A profile piece on a former Laotian-Cambodian refugee turned ballroom dance, published in The Florida Times-Union in November 2007.
It’s 8 p.m. on a Wednesday, and five couples are learning to fox-trot to the sound of Call Me Irresponsible by Frank Sinatra. A woman with long black hair held back by a white scrunchy walks between them, adjusting someone’s shoulders, explaining steps.
Twenty-eight years ago, Vida Vongsay had no idea she would end up being a ballroom dancing teacher. She was living in a refugee camp in Thailand, waiting in line for rice soup.
At the age of 6, she and her family fled Communist Laos for Thailand, hiding under a pile of fruit and vegetables in a boat crossing the Mekong River separating the two countries.
Vongsay is, among other things, a former gymnast, a professional ballroom dancer and teacher, on the board of directors for the Jacksonville & the Beaches Convention and Visitors Bureau and the president of the Jacksonville Asian American Alliance.
This 34-year-old does not remember much of the year she spent in the Nong Khai refugee camp, but she considers herself lucky to have been able to leave for the United States.
“We were very, very fortunate to have people to help us and protect us,” said the half-Laotian, half-Thai woman.
In 1980, thanks to the Catholic Conference agency and a couple working for the International Volunteer Service, Vongsay, her parents, sister and two brothers were able to leave for the small town of Bethel, Maine.
“It was definitely a culture shock, because we came in March. … And that was the first time we ever saw snow. We thought it was ice cream land.”
Vongsay moved to Westbrook, Maine, where she participated in high school gymnastics, although she already had some practice.
“We would always watch those Asian kung-fu movies, so even when I was 8 or 9, I thought I was one of those kung fu girls,” Vongsay laughed. “That’s how I started. I trained myself in doing tumbling, flips and being flexible.”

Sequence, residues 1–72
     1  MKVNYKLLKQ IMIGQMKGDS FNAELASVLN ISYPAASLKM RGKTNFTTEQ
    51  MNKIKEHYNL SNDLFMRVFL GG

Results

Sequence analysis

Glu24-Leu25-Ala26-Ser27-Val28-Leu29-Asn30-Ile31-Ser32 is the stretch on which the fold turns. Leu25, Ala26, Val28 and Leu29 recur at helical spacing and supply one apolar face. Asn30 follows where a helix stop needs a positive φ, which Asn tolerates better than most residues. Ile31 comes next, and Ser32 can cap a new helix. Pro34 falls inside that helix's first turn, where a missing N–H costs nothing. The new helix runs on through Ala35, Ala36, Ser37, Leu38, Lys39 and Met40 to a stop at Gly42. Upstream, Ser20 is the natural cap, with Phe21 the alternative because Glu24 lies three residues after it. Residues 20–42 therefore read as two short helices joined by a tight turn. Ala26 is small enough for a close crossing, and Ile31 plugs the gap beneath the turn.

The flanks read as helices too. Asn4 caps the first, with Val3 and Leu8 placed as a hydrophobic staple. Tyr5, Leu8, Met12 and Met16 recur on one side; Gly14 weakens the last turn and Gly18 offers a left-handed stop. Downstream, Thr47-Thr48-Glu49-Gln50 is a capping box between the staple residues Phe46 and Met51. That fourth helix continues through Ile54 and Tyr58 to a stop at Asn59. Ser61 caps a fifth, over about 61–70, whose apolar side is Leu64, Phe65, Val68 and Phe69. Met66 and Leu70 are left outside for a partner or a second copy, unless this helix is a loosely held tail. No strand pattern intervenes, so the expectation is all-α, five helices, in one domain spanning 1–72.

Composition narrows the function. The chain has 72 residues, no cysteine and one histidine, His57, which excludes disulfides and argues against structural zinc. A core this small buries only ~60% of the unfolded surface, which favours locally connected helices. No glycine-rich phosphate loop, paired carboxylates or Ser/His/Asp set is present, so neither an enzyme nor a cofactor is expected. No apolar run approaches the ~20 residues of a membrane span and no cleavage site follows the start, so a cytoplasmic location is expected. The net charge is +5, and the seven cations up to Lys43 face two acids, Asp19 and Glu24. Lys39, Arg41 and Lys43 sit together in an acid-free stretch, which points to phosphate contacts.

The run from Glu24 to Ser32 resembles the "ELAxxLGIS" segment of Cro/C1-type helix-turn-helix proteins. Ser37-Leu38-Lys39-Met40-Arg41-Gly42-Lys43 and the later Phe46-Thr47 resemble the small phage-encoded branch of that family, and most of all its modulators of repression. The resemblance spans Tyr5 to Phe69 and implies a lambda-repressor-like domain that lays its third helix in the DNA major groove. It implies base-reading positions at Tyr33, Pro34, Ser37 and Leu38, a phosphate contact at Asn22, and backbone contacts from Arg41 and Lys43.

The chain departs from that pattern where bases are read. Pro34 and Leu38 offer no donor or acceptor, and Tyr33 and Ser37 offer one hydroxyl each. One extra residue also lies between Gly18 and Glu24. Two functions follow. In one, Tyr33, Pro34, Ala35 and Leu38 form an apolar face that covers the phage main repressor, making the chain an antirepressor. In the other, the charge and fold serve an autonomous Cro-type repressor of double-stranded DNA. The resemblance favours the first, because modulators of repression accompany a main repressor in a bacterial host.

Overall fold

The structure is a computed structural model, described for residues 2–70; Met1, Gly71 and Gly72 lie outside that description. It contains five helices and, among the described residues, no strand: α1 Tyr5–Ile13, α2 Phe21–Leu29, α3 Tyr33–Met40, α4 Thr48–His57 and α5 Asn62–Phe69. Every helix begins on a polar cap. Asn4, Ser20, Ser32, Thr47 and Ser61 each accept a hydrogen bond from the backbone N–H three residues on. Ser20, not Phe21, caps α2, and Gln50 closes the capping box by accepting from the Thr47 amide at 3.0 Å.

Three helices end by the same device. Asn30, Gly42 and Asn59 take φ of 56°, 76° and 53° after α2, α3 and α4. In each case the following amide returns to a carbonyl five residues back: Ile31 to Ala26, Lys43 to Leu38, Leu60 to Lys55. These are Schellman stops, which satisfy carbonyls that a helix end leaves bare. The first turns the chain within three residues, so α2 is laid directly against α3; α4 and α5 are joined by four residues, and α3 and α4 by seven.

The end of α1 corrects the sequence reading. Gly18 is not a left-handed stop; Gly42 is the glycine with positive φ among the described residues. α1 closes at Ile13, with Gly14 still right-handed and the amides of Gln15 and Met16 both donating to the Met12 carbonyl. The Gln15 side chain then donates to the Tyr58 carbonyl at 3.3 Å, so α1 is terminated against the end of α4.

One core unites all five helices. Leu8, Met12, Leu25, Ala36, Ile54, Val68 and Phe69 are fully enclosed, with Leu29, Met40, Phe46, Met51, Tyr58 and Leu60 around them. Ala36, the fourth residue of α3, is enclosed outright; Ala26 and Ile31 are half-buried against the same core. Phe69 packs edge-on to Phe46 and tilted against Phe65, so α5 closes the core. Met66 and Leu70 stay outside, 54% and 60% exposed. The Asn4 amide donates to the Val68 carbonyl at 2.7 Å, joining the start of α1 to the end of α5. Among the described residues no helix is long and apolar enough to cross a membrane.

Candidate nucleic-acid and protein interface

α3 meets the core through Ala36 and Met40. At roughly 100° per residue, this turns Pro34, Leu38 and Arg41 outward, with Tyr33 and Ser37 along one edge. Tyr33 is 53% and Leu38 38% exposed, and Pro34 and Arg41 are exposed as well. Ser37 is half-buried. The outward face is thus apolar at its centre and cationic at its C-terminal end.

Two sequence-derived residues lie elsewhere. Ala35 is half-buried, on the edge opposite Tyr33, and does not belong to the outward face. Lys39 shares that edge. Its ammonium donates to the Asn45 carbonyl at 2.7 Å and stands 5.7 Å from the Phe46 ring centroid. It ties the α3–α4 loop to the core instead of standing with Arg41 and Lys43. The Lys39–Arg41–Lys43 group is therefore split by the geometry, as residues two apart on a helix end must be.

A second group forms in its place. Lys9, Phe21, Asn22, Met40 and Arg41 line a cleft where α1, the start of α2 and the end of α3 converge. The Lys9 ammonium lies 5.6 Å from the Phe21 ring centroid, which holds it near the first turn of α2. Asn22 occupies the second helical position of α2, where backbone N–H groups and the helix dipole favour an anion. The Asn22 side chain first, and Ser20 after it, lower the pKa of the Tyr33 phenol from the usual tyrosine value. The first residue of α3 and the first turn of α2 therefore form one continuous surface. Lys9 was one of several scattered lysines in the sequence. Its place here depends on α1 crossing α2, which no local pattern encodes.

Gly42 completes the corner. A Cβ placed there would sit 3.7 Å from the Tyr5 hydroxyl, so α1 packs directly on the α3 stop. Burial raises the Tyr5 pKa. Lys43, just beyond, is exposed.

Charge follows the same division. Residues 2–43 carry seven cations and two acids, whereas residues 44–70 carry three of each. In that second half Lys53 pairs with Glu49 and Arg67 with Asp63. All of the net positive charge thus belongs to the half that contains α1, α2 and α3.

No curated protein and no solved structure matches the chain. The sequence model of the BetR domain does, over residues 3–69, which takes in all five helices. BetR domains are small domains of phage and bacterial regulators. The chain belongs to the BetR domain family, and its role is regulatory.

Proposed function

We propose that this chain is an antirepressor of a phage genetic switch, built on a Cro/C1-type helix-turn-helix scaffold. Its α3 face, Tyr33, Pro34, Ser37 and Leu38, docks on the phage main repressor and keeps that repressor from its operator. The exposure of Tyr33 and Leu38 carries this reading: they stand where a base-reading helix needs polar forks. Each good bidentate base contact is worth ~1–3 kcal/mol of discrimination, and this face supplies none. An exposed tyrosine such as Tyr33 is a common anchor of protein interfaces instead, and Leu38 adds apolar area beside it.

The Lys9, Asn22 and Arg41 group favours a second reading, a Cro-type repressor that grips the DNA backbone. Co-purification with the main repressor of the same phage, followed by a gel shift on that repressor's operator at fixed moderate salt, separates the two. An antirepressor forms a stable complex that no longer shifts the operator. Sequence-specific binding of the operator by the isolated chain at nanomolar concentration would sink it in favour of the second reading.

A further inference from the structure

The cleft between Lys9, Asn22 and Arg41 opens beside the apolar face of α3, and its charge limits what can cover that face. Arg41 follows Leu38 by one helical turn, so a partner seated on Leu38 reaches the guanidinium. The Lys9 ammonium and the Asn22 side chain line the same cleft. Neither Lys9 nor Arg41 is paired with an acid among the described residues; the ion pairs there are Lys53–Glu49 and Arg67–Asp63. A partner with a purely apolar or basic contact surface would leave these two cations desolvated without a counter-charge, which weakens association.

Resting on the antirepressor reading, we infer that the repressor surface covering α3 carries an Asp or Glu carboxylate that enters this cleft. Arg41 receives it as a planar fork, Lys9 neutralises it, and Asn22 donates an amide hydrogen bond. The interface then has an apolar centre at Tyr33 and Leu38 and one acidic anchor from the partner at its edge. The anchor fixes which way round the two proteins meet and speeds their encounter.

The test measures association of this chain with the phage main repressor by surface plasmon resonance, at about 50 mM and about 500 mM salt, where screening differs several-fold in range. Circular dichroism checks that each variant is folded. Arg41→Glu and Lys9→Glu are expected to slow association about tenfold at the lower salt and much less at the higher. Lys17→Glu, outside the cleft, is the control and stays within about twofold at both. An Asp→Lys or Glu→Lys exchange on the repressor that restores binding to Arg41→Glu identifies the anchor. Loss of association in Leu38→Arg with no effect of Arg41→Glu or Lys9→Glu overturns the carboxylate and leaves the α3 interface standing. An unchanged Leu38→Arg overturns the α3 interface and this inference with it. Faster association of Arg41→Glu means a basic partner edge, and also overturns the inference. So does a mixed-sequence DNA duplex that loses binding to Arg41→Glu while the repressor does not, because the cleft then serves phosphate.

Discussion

Vongsay discovered ballroom dancing when she moved to Jacksonville in 1992. A year later, she was hired as a dancer, but not without some struggles.
“I had lots of challenges learning partner dancing, because in our culture, you don’t hold people’s hand unless you were husband and wife. And you don’t dance with anybody unless you’re husband and wife,” Vongsay explained.
Vongsay said she eventually overcame this challenge because she saw ballroom dancing as a way to start working in theater arts and cabaret.
In 2000, Vongsay and her partner were the U.S. Ballroom Championship grand finalists. After that, she took a break from dancing, but it was in her veins.
“You just miss the dance industry as a whole: the people that you come across, the people that you teach and the relationship that you build with them,” Vongsay said. “You miss that, and then you miss dancing yourself.”
The Fred Astaire Dance Studio came to life a year and a half ago and has been the stage for ballroom, Latin and country dance lessons ever since.
“She makes everything so good, so fun. She’s a fantastic teacher,” said Tri Vu, a member of the Jacksonville Asian American Alliance and one of Vongsay’s dance students.
As its president, the Jacksonville Asian American Alliance is also a priority of Vongsay’s. The organization is committed to promoting Asian history and culture, as well as bringing the Asian-American community of Jacksonville together.
When asked how much time she invests in the alliance, Vongsay answered “A lot of time.”
“All the time,” corrected Sasha Ivanov, Fred Astaire Dance Studio’s dance director.
“She likes to help people, sometimes too much,” he said. “We want her to be here more.”
Vongsay’s energy still surprises those who know her best.
“I don’t know how she does it, but she’s able to do five different things and get it all done,” says Viengkham Vongsay, Vida Vongsay’s sister and co-owner of the Fred Astaire Dance Studio.
The reason? “I love what I do so much,” Vongsay said. “If I didn’t, I don’t think I would be able to do it.”